Nast v Nast and Walker

JurisdictionEngland & Wales
Judgment Date26 January 1972
Neutral Citation[1972] EWCA Civ J0126-2
Judgment citation (vLex)[1972] EWCA Civ J0126-1
CourtCourt of Appeal (Civil Division)
Date26 January 1972

[1972] EWCA Civ J0126-1

In The Supreme Court of Judicature

Court of Appeal

APPEAL (by leave) by petitioner from order of Mr. Justice Payne on 22nd July, 1971.


The Master of the Rolls (Lord Denning),

Lord Justice Karminski and

Lord Justice Orr.

Peter Lawrence Nast
Sincne Nast
Arthur Walker

Mr. LEONARD CAPLAN, Q.C., and Mr. JONATHAN SOFER (instructed by Messrs. Batchelor Fry Coulson & Border, agents for Messrs. R.L.W. Rons Co. of Bexleyheath, Kent) appeared on behalf of the Appellant.

Mr. IAN PERCIVAL, Q.C., and Mr. WATER BLUM (instructed by Messrs. Habershon Watts Powell & Robinson) appeared on behalf of the Respondent.

The co-respondent did not appear and was not represented.


The husband, Mr. Nast, petitions for divorce against his wife, Mrs. Nest. Originally, in 1967, the petition was on the ground of cruelty, but later on, by amendment, on the ground of adultery. Since the 1969 Act, another petition has been lodged on the ground of irretrievable breakdown of the marriage. The only question today is whether the husband should be allowed to administer interrogatories to the wife and also to the co-respondent in order to prove the adultery.


It is alleged that they committed adultery on a holiday at Babbacombe in Devon, and also at the matrimonial home at Welling in Kent. A number of interrogatories were submitted to Mr. Justice Payne. He did not allow any of them. He made suggestions of his own, but did not order them to be answered. The husband appeals to this Court. Pie seeks to administer interrogatories in the form suggested by Mr. Justice Payne but with an additional one.


In the course of the hearing before us, Mr. Percival, for the wife, has raised a point of principle. He says that even today interrogatories are not admissible in the Divorce Court in order to prove adultery.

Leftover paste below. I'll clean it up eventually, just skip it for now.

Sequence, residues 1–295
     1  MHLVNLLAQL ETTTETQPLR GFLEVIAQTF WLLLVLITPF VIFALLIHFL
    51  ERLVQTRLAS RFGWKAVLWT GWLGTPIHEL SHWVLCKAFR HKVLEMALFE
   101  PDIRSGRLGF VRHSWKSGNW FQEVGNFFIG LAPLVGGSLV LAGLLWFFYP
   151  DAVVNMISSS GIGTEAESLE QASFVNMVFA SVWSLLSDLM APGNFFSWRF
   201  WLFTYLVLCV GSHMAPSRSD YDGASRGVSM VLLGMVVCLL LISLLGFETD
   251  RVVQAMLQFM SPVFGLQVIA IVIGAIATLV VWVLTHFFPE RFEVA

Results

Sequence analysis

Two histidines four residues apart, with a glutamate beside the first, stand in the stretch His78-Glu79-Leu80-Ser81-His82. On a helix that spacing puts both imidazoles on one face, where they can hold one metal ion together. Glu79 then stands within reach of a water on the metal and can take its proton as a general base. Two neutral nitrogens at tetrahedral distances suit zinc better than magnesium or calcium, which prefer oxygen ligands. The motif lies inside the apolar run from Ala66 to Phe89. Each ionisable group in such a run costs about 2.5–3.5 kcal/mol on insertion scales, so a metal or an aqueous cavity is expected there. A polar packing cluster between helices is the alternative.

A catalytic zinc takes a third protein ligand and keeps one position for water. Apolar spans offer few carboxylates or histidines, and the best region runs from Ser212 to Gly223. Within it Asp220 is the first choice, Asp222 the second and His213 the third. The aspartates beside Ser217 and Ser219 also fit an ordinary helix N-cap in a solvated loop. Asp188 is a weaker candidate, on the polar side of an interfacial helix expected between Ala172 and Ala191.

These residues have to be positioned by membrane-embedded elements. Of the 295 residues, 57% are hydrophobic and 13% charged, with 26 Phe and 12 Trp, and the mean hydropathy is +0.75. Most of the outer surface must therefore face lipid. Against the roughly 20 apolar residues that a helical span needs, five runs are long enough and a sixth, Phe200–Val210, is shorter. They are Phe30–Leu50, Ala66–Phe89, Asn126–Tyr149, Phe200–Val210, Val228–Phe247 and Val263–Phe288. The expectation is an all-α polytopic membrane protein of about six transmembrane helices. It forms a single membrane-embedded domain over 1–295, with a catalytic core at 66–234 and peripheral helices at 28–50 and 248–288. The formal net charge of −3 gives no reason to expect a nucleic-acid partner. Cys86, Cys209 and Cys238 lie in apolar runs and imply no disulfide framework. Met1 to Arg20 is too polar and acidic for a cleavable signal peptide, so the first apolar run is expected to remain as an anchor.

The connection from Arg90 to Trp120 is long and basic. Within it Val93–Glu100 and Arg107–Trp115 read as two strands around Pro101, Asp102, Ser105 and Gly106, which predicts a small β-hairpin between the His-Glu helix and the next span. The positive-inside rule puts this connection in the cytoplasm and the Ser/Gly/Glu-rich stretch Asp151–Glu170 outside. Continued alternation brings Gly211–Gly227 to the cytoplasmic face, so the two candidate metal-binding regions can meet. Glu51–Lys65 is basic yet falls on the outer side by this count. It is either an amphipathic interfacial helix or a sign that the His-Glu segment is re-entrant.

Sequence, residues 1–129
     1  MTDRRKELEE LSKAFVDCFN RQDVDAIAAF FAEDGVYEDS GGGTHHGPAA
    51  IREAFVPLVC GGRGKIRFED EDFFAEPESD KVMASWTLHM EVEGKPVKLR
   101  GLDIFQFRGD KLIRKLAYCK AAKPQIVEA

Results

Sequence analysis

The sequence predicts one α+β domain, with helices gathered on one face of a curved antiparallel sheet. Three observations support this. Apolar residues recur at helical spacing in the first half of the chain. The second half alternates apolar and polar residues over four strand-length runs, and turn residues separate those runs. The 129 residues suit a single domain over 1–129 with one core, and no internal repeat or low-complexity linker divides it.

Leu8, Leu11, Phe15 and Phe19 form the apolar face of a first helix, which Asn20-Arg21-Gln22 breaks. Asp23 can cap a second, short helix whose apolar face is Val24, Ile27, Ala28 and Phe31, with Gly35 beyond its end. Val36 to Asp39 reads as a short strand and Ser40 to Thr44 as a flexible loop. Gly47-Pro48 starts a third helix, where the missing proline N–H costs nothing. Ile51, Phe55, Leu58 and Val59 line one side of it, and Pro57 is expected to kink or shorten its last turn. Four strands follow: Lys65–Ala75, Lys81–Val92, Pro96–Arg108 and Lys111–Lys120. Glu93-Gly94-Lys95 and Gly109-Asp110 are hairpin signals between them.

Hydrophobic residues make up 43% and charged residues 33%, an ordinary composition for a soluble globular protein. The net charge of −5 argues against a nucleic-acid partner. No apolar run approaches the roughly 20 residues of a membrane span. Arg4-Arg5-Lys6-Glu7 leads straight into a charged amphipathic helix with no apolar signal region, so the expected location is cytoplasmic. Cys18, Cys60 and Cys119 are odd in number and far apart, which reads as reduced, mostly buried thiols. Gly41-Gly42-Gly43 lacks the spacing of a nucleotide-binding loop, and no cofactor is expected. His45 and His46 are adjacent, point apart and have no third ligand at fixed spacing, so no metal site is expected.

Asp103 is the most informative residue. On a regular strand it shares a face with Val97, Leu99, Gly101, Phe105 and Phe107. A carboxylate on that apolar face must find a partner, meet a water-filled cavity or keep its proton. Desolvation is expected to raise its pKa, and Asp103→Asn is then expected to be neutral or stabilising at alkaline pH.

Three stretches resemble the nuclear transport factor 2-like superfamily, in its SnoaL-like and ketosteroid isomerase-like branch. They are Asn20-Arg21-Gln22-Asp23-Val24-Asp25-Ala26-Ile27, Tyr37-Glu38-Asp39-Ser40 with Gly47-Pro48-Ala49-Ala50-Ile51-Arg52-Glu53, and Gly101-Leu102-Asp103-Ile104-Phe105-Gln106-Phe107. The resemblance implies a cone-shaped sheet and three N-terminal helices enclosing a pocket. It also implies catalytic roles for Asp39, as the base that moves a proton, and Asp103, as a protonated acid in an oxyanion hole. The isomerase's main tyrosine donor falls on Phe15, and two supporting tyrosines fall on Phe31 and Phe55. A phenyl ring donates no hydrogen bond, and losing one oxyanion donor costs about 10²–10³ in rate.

Before 1851 the parties to a suit were net competent to give evidence themselves in it at all. So there was no question of interrogatories being allowed to prove adultery. By a series of statutes from 1851 to 1869, it was enacted that parties were competent and compellable to give evidence. But there was an exception in section 3 of the Evidence Further Amendment Act, 1969, which said:

"The parties to any proceeding instituted in consequence of adultery, and the husbands and wives of such parties, shall be competent to give evidence in such proceedings: but no witness in any such proceedings, whether a party to the proceedings or not, shall be liable to beasked or be bound to answer any question tending to show that he or she has been guilty of adultery unless he or she has already given evidence in the same proceedings in disproof of the alleged adultery."


That section only says the parties shall be "competent to give evidence in any such proceedings. It does not say "compellable". But this was implied. Several years ago I looked into all these statutes, and I stated the result in Tilley v. Tilley (1949) P. 240 at pages 254 to 259: "Every party to a divorce suit instituted in consequence of adultery is competent and compellable to give evidence save only in so far as he can claim the privilege" I referred, of course, there to the statutory privilege, and not to any ecclesiastical or other privilege. In saying that a party is "compellable" I meant that he was compellable not only to give evidence, but also to come to the Court, for the purpose.


Such was the law from 1869 onwards: the parties themselves were competent and compellable to give evidence and to answer any questions save in so far as they could claim the protection of that statutory privilege.


In Redfern v. Redfern (1891) P. 139 the Court of Appeal considered the question of discovery in a divorce case. It was held that discovery of documents was not permissible in order to prove adultery. Equally, of course interrogatories were not permissible. Mr. Percival submitted to us that the reason for that decision was because adultery was an ecclesiastical offence, and that, as the ecclesiastical Courts did not permit discovery in order to prove it, their practice was inherited by the Divorce Courts. I realise that there are some statements in that case which point in that direction. But I think that the decision is to be supported, not on any ecclesiastical privilege, but upon the statutory privilege contained in section 3 of the1869 Act. Many distinguished Judges have since explained the decision in that way, notably Lord Esher in Spokes v. Grosvenor Hotel Co. (1897) 2 Q.B. at page 132; Lord Greene in Campbell v. Campbell (1940) P. at page 95 (explaining Cavendish v. Cavendish (1926) P. 10); and Lord Justice Kaminski in Hulbert v. Hulbert (1957) P. 178.